Give Bears GM Phil Emery the benefit of the doubt for now
BY MARK POTASH firstname.lastname@example.org April 28, 2012 10:12PM
Boise State defensive end Shea McClellin is a bit of a risky pick because he’s a tweener who seems better suited for a 3-4 defense. | Michael Conroy~AP
Updated: May 30, 2012 8:34AM
‘Has he been charged with anything?’’
It’s rarely a good sign when the first question for the general manager after announcing a draft pick is about a felony assault charge. But like everything else Phil Emery did in his first NFL draft as a GM, we’ll have to take his word for it that the Bears’ due diligence on Evan Rodriguez indicates the tight end from Temple is as coachable as he is versatile and that his transgressions were a byproduct of immaturity and not some self-destructive nature that doesn’t get measured at the scouting combine.
The Bears talked to coaches, former coaches, trainers and former trainers, and all of them vouched for Rodriguez. Even Emery doesn’t know for sure if the kid isn’t ‘‘the biggest con man’’ the Temple coaches ever met — the one thing Penn State coach Joe Paterno neglected to tell Bears scouts about Curtis Enis in 1998.
After taking Rodriguez in the fourth round, Nevada cornerback Isaiah Frey in the sixth round and TCU cornerback Greg McCoy in the seventh round Saturday, Emery was predictably satisfied with his first draft. Just as Jerry Angelo was in 2002 — when Marc Colombo headed a class that produced only one player who met expectations: Florida defensive end Alex Brown in the fourth round.
It’ll be interesting to see if Emery fared better in his first draft because he seemed to go outside the box on almost every pick:
† Shea McClellin is a tweener seemingly better suited for a 3-4 defense.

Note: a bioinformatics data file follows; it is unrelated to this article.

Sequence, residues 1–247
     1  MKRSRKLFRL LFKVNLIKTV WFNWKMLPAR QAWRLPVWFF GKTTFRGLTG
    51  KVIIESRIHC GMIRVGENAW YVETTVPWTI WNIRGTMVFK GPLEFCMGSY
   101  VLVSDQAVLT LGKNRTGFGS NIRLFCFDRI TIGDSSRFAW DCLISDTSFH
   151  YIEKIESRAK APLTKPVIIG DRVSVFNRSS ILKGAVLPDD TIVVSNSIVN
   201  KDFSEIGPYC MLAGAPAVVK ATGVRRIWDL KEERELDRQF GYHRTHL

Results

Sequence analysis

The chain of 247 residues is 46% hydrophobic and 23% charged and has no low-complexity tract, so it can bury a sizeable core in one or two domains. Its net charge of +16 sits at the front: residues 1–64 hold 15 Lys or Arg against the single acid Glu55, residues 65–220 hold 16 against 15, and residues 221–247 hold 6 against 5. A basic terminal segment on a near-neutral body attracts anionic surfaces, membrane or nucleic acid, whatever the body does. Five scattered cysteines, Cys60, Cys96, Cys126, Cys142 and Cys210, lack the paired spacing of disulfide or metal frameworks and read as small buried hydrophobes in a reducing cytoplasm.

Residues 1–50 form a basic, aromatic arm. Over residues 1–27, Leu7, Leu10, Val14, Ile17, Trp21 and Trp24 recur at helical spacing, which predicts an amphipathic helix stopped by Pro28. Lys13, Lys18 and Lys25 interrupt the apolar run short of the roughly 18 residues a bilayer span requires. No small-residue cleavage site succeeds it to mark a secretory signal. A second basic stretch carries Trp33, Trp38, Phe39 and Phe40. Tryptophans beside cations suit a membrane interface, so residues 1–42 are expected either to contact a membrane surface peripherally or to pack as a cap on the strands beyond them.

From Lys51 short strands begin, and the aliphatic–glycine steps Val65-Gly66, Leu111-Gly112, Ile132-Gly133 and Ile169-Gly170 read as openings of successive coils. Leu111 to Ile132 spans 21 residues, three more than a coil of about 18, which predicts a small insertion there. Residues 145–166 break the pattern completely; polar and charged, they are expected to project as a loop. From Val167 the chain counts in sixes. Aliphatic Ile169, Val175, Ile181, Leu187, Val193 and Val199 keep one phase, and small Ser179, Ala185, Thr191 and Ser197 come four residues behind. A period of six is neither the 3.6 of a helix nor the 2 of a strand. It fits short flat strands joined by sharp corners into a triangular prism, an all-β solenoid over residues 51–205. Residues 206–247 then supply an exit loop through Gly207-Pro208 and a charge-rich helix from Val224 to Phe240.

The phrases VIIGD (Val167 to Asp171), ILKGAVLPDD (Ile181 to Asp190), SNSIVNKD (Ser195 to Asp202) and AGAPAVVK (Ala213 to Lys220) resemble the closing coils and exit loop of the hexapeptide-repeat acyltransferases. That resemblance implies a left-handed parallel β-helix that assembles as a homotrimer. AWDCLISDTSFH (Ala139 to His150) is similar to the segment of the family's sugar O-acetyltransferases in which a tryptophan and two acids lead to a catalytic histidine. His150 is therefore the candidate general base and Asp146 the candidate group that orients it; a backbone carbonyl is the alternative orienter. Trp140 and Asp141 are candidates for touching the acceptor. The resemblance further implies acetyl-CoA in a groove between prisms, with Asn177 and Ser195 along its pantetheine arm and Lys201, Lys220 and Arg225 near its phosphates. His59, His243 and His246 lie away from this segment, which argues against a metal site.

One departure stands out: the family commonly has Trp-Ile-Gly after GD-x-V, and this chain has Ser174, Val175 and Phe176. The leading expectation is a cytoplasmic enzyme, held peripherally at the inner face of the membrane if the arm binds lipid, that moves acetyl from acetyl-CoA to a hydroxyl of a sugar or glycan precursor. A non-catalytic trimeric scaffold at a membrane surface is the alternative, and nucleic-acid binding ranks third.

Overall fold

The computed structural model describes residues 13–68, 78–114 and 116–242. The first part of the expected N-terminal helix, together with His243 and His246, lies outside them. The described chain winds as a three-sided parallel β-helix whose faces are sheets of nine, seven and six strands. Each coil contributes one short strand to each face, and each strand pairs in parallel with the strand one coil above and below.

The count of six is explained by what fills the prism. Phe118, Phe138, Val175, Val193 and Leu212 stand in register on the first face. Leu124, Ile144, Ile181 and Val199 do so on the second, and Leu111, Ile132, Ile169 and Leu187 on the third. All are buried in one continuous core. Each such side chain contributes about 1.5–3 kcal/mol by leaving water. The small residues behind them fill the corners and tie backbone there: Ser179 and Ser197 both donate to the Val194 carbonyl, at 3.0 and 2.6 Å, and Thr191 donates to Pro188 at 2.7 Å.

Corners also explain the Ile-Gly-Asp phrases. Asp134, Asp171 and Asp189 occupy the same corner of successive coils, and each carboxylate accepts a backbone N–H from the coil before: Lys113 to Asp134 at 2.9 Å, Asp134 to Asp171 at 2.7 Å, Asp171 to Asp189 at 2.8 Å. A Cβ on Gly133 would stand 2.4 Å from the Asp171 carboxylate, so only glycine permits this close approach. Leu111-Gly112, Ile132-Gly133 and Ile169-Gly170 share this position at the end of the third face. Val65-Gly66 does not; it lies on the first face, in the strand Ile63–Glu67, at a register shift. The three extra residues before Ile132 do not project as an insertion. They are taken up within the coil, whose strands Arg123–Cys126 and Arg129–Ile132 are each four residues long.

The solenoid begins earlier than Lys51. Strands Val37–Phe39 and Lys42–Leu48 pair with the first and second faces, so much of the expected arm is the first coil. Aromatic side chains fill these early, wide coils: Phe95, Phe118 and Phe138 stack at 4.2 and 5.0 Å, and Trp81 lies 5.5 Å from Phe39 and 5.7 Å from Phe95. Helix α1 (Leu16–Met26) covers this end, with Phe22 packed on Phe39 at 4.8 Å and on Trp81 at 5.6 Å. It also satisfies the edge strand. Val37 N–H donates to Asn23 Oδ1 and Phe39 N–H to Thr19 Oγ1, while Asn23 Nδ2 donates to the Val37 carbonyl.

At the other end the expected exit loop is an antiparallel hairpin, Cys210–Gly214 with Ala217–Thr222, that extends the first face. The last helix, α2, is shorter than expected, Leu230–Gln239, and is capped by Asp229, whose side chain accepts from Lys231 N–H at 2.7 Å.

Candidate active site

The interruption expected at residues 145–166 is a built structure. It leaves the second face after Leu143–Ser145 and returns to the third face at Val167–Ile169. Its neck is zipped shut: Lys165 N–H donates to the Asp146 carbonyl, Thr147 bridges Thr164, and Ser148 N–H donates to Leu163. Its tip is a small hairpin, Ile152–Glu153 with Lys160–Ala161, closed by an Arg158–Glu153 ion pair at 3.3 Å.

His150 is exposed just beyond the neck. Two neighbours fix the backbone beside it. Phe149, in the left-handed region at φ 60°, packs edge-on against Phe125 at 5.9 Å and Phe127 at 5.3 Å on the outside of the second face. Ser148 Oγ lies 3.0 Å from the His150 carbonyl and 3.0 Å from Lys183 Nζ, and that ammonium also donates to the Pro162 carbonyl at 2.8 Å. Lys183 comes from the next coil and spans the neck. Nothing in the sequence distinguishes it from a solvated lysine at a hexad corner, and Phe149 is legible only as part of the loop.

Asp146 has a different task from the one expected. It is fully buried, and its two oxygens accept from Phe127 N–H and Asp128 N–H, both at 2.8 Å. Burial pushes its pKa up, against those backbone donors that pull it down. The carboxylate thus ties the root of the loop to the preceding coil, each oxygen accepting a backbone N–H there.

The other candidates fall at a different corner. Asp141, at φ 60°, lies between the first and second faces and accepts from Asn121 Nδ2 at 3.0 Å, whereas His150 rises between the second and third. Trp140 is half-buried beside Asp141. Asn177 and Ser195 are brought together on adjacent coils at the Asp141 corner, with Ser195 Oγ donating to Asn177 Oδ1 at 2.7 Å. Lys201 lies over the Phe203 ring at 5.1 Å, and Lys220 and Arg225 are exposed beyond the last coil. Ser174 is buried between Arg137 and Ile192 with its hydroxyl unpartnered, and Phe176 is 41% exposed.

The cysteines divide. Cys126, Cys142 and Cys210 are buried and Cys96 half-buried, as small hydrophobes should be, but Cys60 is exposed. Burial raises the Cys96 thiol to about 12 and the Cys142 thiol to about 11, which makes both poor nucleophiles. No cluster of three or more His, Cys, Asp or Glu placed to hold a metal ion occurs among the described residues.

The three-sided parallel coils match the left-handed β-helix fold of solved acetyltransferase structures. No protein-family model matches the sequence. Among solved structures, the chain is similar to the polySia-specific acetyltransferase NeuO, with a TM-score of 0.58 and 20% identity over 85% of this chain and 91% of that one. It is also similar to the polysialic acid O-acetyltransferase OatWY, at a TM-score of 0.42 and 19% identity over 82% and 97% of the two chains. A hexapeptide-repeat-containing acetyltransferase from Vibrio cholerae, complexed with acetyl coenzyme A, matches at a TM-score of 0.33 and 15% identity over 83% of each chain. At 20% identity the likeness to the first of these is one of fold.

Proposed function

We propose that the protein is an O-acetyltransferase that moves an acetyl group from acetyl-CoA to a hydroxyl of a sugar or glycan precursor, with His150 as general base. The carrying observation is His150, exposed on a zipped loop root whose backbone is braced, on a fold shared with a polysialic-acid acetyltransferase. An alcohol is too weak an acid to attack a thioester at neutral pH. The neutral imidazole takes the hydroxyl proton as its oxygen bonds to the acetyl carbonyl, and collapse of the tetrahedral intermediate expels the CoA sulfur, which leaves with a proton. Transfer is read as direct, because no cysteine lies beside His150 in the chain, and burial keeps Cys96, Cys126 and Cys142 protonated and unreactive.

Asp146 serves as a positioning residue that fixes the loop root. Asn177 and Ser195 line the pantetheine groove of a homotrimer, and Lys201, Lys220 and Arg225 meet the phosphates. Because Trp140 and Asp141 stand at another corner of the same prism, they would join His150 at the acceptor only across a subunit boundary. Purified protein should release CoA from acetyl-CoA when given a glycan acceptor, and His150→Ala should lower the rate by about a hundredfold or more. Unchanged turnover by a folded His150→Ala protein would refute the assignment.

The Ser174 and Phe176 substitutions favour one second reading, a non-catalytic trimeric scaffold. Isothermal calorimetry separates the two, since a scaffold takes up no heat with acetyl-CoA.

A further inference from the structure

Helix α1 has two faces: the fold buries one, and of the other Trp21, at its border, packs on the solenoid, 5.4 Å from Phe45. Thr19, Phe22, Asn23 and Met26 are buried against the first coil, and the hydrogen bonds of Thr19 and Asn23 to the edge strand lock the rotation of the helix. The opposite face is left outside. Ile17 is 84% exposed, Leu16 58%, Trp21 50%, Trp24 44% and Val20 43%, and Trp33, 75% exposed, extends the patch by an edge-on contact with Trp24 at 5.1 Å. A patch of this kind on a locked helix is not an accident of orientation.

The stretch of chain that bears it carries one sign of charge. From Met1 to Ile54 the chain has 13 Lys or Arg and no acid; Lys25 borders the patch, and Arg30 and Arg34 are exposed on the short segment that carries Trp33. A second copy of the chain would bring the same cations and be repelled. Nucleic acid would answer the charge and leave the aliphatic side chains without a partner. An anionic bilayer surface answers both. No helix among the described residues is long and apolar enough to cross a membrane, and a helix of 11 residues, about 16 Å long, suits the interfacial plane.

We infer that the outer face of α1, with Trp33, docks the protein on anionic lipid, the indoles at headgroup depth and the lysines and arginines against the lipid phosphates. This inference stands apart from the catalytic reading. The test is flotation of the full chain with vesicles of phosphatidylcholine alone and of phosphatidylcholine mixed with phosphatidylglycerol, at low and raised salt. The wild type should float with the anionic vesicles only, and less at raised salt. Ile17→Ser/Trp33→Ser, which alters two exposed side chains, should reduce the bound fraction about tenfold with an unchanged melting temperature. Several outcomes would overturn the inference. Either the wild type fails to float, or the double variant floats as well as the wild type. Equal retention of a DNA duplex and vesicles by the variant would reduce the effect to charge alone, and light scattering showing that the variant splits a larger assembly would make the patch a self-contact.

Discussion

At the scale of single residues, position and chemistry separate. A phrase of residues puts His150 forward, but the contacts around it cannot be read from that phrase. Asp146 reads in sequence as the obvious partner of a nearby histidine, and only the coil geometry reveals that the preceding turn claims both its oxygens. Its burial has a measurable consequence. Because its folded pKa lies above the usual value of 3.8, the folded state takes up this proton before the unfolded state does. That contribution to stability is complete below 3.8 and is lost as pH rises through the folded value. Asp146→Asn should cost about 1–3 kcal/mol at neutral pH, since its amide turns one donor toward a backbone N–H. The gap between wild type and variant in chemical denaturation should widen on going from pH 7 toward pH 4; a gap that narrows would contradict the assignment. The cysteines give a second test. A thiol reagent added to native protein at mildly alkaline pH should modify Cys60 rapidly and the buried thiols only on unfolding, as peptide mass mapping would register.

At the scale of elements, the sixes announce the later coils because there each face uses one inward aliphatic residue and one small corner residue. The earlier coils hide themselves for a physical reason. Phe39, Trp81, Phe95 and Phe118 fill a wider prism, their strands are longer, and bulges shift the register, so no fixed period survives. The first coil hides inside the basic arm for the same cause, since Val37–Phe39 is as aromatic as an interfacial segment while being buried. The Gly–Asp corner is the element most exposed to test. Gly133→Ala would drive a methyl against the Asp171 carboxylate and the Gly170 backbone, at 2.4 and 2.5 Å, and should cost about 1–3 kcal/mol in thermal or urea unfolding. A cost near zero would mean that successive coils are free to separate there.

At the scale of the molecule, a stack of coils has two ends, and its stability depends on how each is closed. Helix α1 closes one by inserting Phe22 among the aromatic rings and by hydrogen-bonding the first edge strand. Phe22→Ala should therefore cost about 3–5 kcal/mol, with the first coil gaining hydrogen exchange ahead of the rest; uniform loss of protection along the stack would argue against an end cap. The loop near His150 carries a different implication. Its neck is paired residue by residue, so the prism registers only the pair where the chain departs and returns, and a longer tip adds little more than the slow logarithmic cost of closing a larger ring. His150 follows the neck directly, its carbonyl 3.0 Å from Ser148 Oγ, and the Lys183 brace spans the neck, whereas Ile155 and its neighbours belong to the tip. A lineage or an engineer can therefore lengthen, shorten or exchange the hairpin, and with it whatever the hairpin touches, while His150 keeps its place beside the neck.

† Alshon Jeffery is coming off a subpar year and was ejected from his last college game for fighting.
† Brandon Hardin didn’t play last season because of shoulder surgery.
† Rodriguez has a felony assault charge and disorderly conduct arrest on his résumé.
† Frey was rated the 453rd-best prospect on the board by CBSSports.com.
† McCoy is an All-America kick returner on a team with the best kick returner in NFL history.
At first blush, it might seem like the Bears will be challenged to find the immediate help they were looking for. On the other hand, there’s the very real possibility that Emery knows what he’s doing.
As the director of college scouting for the Kansas City Chiefs the last two seasons, he has been more active in the trenches and arguably is more in tune with college scouting than most GMs. Rodriguez is a risk. But Emery was in better position to gauge that risk than probably any GM in the NFL.
‘‘I have been through Temple and seen Temple play probably more than any university I’ve gone to in the last two years,’’ Emery said. ‘‘I have a personal relationship with the athletic trainer there — we worked together at Tennessee. I spent a lot of time with him on Evan. I went there three times this fall. I’ve known the prior strength coach when I was a strength coach [at Navy].’’
Emery’s scouting antennae might never be better than they are right now, which leads me to suspend my cynicism and consider why things might work out instead of why they won’t. McClellin is in the hands of one of the best defensive line coaches in the business. Jeffery has a Pro Bowl-caliber quarterback throwing to him. It’s no coincidence that the best second-round wide receivers in recent years have had the same advantage — Vincent Jackson, Greg Jennings, Jordy Nelson, DeSean Jackson and Sidney Rice.
So on a dark, dark day for Chicago sports — the news of Derrick Rose’s injury was so stunning, it penetrated the usually impregnable war room — let’s at least give Emery the benefit of the doubt until he proves he doesn’t deserve it.